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S. Mahinda Himi

 

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Sikkim Mahinda, commonly known as S. Mahinda, was a Buddhist monk from the state of Sikkim. He was a poet and author, and participated in the Sri Lankan independence movement. Although he was from Sikkim, he identified himself as a Tibetan, presumably because it was more well known in Ceylon.

S. Mahinda arrived in Ceylon (now Sri Lanka) at a young age and was ordained as a Buddhist monk. Having learned the Sinhala language, he became a poet, creating several literary works inspiring patriotism among the Ceylonese and urging them to fight for their freedom. He is now considered a national hero of Sri Lanka.

Early life

S. Mahinda was born around 1901 in Sikkim and named Pempa Tendupi Serky Cherin.[1] His family lived in Gangtok, the capital of Sikkim. He had three brothers; the first would later become a lecturer of Calcutta University, the second would be the prime minister of the king, and the third would join the Buddhist priesthood.[2] His childhood friend Tashi Namgyal would become the king of Sikkim. S. Mahinda had used his name as a pseudonym in Sri Lanka, leading to the belief that it was his real name.[1]

Serky received a scholarship, with an annual allowance of six rupees, to study Buddhism in Ceylon and arrived there in 1912 or 1914. At the time, the country was under British rule. Sikkim Punnaji, his elder brother who was already a Buddhist monk, accompanied him.[2]

Buddhist priesthood and life in Ceylon

The two brothers stayed at a temple in Polgasduwa in southern Ceylon, and learned Buddhism under a monk named Gnanaloka. He was then sent to the Vidyodaya Pirivena in Maradana, and admitted to a school there to learn English. After this, he returned to the temple in Polgasduwa, and learned Sinhala and Pali languages.[2] With the outbreak of World War I, his mentor Gnanaloka, a German national, was arrested. His brother Sikkim Punnaji also appears to have died around this time,[2] while he was himself interned twice by the government.[3]

He was later ordained into the Amarapura Nikaya as Sikkim Mahinda, although he used his name as S. Mahinda. He was re-ordained into the Shyamopali Nikaya on 16 June 1930, and obtained Upasampada later that year. He identified himself as a Tibetan, presumably because it was better known in Ceylon and was a leading Buddhist country in Asia.[2] S.Mahinda Thera served as a teacher at Nalanda College, Colombo from 1934 to 1936.[4]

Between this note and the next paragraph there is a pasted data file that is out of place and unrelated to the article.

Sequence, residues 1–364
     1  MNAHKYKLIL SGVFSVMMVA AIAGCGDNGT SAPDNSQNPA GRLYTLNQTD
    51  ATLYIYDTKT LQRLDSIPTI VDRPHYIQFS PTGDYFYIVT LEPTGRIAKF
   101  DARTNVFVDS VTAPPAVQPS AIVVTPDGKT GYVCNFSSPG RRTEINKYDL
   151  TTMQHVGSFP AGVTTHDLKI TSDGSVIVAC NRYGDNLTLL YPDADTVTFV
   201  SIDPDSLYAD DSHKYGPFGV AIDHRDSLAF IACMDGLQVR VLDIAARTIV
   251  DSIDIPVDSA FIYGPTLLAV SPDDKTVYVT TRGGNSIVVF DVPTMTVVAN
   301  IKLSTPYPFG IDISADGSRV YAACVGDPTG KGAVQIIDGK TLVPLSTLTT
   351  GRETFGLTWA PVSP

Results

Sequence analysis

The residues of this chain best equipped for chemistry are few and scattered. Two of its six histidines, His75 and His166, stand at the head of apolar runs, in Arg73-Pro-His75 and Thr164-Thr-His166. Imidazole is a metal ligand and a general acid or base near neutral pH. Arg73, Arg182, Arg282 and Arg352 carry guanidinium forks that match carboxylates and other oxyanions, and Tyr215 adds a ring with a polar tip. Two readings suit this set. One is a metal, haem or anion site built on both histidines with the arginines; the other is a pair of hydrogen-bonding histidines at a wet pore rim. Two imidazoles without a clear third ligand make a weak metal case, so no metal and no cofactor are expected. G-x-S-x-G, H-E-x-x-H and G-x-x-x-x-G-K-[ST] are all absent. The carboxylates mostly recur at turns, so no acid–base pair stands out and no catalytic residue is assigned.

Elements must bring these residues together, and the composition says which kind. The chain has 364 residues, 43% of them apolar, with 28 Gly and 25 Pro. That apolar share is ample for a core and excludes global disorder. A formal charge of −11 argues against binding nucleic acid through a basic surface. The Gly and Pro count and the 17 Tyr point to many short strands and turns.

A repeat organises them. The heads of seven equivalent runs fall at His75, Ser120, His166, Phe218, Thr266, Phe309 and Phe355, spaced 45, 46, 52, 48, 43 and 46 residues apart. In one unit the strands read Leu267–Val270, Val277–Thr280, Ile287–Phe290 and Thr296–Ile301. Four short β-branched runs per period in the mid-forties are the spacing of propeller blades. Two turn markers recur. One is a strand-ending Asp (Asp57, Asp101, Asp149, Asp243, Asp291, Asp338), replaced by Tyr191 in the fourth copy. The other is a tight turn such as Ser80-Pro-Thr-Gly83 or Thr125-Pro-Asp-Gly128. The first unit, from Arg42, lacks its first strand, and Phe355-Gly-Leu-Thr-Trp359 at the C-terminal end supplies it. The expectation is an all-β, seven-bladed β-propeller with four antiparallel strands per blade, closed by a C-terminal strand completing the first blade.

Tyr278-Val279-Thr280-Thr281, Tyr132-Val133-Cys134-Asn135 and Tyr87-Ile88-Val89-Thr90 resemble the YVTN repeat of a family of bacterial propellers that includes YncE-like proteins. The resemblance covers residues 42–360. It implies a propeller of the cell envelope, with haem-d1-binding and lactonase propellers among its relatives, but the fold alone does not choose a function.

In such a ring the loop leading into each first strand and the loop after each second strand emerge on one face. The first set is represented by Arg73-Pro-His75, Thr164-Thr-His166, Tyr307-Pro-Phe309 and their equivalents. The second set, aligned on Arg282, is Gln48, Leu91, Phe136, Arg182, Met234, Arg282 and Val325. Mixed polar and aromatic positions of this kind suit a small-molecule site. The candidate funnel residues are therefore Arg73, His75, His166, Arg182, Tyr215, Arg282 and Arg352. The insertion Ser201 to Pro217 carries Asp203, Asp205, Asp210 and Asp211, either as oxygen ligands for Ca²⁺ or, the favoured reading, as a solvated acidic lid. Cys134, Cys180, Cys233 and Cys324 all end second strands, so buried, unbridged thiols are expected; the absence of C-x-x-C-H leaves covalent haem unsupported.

Literary work and nationalism

S. Mahinda soon became fluent in the Sinhala language, and established himself as a poet and author. He has written over 40 books, most of them poems inspiring patriotism. His first book was Ova Muthu Dama, which was written around 1921. His final book is believed to be Sri Pada. He also appears to have created a number of unpublished works.[2] In his works, he has focused on the past glory of the country, and the weaknesses of its people in the present, urging them to work towards their freedom.[5] He also wrote several books for children as well, and in these too he has tried to inspire patriotism upon the reader.[3] His most famous works include Nidahase Dehena, Nidahase Manthraya, Lanka Matha, Jathika Thotilla, Ada Lak Mawage Puttu, Nidahasa, Videshikayakugen Lak Mawata Namaskarayak and Sinhala Jathiya.[6]

He was also a member of the temperance movement, which served as the basis for the independence movement of Sri Lanka. After the country gained independence in 1948, he was acknowledged as a national hero for his literary works inspiring the independence movement.[2] He died on 16 May 1951.[6]

References

  1. ^ a b Edirisinghe, Padma (20 May 2009). “Curtain opens on Ven Tibet S Mahinda’s childhood”. Daily News. Retrieved 29 January 2010.
  2. ^ a b c d e f g Ariyaratne, Sunil (1989) (in Sinhala). පූජිත ජීවිත. Ministry of Culture, Education and News of Sri Lanka. pp. 155–160.
  3. ^ a b Gunatilaka, Kumudu (14 September 2006). “Ven. S. Mahinda Patriot of Literary Fame”. Budusarana. Retrieved 29 January 2010.
  4. ^ “Religious Instructors”. Nalanda College Buddhist Association – NCBA. Retrieved 7 August 2012.
  5. ^ Herath, R. B. (2002). Sri Lankan Ethnic Crisis: Towards a Resolution. Trafford Publishing. pp. 101. ISBN 978-1-55369-793-0.
  6. ^ a b “S. Mahinda Thera: Poet and freedom fighter”. Sunday Observer. 25 May 2008. Retrieved 29 January 2010.

http://en.wikipedia.org/wiki/S._Mahinda

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